What does WCAG mean to you?

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About a month ago, as I was preparing for my day, I glanced at an article on web accessibility by Keven Rydberg for the Minneapolis Star Tribune. Rydberg made the point that nearly 60 million Americans live with a disability. Rydberg writes that is makes good business sense to ensure websites are accessible to the 10 million online shoppers with a visual impairment. Schools should also be aware that web content accessibility guidelines (WCAG 2.1) apply to educational organizations. The What’s New in WCAG 2.1 provides a summary of changes; however, it also provides fictional quotes explaining why the standards help people with specific disabilities overcome challenges. 

W3C, the World Wide Web Consortium, which develops the standards for web protocols, the WCAG 2.1 provides access to 116 accessibility evaluation tools. If you don’t want to sift through all 116 tools, I would suggest a quick visit to WEBAccessibility for a brief test of your organization’s websites. A more detailed free review is available through Cryptozone’s Cynthia Says Portal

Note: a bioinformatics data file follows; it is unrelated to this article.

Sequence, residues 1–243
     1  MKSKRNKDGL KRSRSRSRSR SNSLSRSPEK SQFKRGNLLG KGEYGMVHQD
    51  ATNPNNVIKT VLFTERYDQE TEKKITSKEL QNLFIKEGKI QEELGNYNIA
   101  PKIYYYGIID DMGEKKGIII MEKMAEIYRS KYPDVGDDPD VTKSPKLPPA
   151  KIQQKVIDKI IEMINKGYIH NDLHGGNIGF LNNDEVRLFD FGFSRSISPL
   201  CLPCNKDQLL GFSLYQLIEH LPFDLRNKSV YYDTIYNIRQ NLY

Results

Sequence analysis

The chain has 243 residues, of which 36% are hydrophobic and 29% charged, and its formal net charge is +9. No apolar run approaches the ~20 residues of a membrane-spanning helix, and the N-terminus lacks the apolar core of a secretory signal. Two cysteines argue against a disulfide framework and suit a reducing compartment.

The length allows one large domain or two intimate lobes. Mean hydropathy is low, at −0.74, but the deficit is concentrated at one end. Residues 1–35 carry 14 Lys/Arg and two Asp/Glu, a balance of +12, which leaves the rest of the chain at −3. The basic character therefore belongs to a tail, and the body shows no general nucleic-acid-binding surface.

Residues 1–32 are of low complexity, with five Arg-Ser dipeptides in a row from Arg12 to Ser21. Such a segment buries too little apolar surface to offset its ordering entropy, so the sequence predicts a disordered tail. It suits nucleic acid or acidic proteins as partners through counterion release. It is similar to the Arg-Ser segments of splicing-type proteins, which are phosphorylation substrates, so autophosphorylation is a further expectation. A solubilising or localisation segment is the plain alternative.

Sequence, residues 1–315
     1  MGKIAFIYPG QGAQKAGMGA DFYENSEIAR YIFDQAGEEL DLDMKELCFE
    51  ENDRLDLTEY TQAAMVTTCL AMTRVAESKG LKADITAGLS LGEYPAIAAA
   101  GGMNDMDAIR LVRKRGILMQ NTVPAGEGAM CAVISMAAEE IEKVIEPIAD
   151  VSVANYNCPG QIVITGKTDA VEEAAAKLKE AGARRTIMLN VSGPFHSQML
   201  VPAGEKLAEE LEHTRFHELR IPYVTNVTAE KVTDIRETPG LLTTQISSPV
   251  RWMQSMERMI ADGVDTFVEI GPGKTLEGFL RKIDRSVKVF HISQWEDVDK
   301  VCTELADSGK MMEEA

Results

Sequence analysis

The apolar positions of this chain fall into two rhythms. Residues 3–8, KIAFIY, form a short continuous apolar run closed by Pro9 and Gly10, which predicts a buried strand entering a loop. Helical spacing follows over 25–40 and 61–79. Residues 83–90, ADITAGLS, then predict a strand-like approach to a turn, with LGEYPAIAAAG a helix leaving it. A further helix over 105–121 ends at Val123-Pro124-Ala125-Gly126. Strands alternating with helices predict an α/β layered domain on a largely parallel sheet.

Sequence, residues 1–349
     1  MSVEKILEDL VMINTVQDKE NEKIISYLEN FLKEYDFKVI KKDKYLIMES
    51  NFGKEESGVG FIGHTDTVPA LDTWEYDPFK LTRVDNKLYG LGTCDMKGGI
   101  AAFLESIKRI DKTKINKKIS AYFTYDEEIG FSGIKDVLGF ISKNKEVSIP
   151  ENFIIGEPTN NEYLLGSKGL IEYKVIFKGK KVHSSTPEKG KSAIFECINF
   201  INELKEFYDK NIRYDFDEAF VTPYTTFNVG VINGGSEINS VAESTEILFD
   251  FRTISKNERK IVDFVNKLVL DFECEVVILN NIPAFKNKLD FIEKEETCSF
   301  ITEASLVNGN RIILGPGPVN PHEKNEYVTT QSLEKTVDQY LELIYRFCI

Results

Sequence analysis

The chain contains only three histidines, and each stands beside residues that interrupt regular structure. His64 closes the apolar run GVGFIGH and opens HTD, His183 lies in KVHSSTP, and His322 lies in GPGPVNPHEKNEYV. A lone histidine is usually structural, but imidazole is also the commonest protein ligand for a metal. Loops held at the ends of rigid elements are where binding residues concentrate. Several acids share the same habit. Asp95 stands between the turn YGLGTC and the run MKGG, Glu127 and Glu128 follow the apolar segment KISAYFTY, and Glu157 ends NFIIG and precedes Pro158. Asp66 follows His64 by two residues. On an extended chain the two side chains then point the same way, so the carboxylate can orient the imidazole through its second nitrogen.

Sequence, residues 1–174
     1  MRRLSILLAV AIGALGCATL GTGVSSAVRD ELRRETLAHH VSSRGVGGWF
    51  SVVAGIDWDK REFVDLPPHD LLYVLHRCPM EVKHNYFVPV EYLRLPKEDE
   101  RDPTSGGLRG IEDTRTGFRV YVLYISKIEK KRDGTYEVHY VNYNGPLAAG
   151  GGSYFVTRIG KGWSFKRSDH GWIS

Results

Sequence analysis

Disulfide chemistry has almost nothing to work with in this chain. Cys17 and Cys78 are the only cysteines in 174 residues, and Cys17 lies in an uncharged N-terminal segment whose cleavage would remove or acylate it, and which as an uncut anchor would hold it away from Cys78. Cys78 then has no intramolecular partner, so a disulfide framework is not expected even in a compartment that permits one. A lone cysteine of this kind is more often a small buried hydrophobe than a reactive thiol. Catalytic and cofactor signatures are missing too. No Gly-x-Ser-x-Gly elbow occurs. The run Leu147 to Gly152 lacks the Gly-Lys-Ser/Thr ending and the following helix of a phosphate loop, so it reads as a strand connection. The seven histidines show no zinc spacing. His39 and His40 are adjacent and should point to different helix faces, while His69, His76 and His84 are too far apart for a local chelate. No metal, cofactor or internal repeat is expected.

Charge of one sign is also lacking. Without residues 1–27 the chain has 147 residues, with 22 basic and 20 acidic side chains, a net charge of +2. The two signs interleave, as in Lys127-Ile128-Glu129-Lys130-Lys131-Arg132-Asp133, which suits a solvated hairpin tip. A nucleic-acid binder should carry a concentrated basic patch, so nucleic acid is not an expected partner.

Directions for checking accessibility within learning management systems (LMS) are common. Directions for using the accessibility checkers are linked here for Canvas. When considering purchasing new technology products ensure that the Voluntary Product Accessibility Template (VPAT) information is considered regarding accessibility if the company provides VPAT information. Most vendors who market to the federal government are required to generate a VPAT document. D2L’s VPAT is an example. D2L also provides a checklist for the WCAG guidelines on its site. Google Classroom’s VPAT.]

Take the steps necessary to ensure that the technology your students and staff have access to are equally accessible for all.